Causes of Short-Term Insomnia

Stress, Jet Lag, and Shift Work May Disrupt Your Sleep

Trouble sleeping may come and go throughout your life. A temporary disruption in your ability to sleep may be quickly forgotten--once it has passed. In the midst of it, however, it may be important to differentiate acute insomnia from more chronic problems.

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Acute or short-term insomnia may have various causes, and one of the most important is stress. What are some of the potential causes of short-term insomnia? Can insomnia be linked to our travel or work schedules?

Common Causes

Acute or short-term insomnia lasts three months or less. The most common cause of acute insomnia is stress. The origin of this stress can be as varied as you can imagine. The most common stressors include:

  • Changes in your sleep environment (temperature, light, noise)
  • Major life changes, such as loss of close family or friends, divorce, or job loss
  • Problems at work and financial distress may also keep
    you up at night.
  • Medical conditions, such as a recent illness (especially those that affect breathing), surgery, or sources of pain
  • Use or withdrawal from stimulants (caffeine), certain medications (theophylline, beta blockers, steroids, thyroid replacement, and asthma inhalers), illegal drugs (cocaine and methamphetamine), or alcohol

It is key to recognize that difficulty falling or staying asleep (or sleep that is simply not refreshing) becomes a chronic issue when it lasts for longer than three months. Long-term or chronic insomnia requires a different assessment and possible treatment. As the causes are often distinctive, acute and chronic insomnia are considered to be separate conditions.

Lifestyle Risk Factors

There are certain living conditions and habits that can disrupt a normal sleep cycle which then triggers insomnia.

Sleep Environment

One of the most important complements to our ability to our ability to sleep is our sleep environment. This space should be quiet, cool, and comfortable. It should be free of disruption and distraction. We should ideally keep our bedroom empty of televisions, telephones, and pets. If we change our sleep environment, including the inclusion or exclusion of a bed partner, our sleep may change, too.

Jet Lag

When we travel a great distance rather quickly, as occurs with airplane travel, we are subject to jet lag. This condition results when our internal biological clock is not aligned to the patterns of light and dark in our new environment. This disrupts our circadian rhythm, mismatching the timing of our sleep to the new time zone.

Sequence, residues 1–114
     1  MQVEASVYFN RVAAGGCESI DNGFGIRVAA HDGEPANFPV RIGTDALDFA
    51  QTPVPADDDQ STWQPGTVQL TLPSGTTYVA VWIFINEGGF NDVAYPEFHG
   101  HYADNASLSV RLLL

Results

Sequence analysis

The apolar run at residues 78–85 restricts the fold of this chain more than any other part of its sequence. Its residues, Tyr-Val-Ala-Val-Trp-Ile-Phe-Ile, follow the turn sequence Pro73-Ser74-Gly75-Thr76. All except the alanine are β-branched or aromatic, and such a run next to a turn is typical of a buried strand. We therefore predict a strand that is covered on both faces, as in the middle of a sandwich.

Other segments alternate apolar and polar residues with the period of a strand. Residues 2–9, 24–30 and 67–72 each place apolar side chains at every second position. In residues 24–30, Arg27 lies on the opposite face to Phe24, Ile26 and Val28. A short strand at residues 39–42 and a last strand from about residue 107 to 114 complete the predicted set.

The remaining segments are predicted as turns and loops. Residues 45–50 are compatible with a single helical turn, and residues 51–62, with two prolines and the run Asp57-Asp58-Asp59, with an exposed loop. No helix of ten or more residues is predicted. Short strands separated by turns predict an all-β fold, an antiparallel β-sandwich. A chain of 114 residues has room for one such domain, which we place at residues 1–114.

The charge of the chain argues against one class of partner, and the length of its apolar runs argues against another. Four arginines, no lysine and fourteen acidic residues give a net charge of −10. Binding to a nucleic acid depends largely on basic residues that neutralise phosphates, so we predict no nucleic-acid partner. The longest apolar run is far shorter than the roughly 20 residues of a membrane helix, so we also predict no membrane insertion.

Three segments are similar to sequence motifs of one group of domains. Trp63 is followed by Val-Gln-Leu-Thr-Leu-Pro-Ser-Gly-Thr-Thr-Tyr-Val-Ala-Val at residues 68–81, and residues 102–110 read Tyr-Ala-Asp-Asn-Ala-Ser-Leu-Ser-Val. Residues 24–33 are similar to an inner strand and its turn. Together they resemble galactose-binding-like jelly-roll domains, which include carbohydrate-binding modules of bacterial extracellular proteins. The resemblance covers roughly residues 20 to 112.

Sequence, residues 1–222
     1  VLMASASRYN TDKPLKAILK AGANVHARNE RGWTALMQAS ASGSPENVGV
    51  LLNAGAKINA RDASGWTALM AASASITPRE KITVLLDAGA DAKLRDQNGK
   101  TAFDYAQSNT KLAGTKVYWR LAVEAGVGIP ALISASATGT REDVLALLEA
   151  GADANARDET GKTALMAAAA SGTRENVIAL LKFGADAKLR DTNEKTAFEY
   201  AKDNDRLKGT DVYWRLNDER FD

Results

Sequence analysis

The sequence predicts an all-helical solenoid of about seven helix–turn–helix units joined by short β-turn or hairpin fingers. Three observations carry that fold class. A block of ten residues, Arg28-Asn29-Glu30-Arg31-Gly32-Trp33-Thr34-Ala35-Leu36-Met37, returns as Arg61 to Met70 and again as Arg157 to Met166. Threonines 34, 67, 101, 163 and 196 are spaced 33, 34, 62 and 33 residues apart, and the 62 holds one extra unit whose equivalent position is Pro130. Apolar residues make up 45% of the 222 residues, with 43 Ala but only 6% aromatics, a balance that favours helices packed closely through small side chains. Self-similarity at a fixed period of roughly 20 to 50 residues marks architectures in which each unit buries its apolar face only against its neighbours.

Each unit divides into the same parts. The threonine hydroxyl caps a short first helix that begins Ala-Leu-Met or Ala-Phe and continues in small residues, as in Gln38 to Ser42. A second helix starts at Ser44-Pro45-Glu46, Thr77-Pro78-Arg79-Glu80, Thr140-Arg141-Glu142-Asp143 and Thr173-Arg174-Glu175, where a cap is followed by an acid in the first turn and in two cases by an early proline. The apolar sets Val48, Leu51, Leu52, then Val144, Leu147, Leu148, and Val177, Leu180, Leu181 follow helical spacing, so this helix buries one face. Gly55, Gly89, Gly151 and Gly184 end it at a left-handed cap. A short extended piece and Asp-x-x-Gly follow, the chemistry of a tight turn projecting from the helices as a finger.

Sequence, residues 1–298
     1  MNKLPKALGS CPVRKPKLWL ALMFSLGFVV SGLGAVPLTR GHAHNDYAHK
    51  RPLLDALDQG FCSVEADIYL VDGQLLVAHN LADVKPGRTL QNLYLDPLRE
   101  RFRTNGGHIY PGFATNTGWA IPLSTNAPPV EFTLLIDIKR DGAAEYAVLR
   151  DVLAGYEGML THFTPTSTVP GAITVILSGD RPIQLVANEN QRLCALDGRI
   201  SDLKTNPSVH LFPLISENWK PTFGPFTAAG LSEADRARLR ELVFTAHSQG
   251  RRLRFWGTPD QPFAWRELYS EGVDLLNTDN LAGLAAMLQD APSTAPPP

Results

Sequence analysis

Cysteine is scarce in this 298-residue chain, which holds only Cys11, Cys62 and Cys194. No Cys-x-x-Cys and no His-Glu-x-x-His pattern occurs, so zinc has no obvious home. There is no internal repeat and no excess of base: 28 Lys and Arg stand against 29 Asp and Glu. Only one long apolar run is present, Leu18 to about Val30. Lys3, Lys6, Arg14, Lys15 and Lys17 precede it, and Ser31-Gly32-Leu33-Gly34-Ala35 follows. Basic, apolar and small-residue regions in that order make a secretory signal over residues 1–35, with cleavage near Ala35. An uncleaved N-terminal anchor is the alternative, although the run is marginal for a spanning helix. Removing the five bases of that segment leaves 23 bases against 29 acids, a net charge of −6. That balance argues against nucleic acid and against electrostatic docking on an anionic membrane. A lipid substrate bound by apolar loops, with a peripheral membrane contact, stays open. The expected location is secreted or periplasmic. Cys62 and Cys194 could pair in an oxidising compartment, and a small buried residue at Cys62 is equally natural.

There are effective treatments for this condition, including planning ahead and slowing changing your sleep schedule, using a light box for phototherapy, or taking a small dose of melatonin.

Shift Work

It is increasingly common to have our sleep disrupted by the requirements of our work schedule, especially in shift work. Many careers involve working non-traditional shifts, including during the evening hours or overnight. These "graveyard shifts" can take a toll. Not only do workers not function as well when they work at a time when they should be sleeping, but they also cannot sleep as well when they should be awake.

Most workers end up sleeping less than they normally would if they were to sleep at night. This may lead to numerous problems related to sleep deprivation, including errors, accidents, and other side effects. One way this sleep problem can be resolved is by transferring from the night shift, or by sleeping at the same time every day for several weeks.

The causes of short-term insomnia are important to recognize because, in many cases, they can be addressed. By alleviating the underlying stress or trigger, the difficulty sleeping may also resolve. In some settings, it is simply a matter of the passage of time.

In the cases of jet lag and shift work, the cause is clear. Though with jet lag you will gradually adapt to your new time zone after traveling, a mismatched circadian pattern in shift work may require changing your job schedule. This may not always prove to be possible, so maintaining a regular sleep-wake schedule may be your second-best option.

A Word From Verywell

No matter the cause, the consequences of short-term insomnia may be serious, so it is worth taking the time to carefully consider your situation and what you might be able to do about it. You deserve to get the rest that you need, and if possible it is best to address these difficulties before they become a chronic issue.

Not being able to sleep every so often is usually not a health concern, but if you find yourself trying to cope with insomnia on a regular basis, it may be time to see your doctor.

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Article Sources
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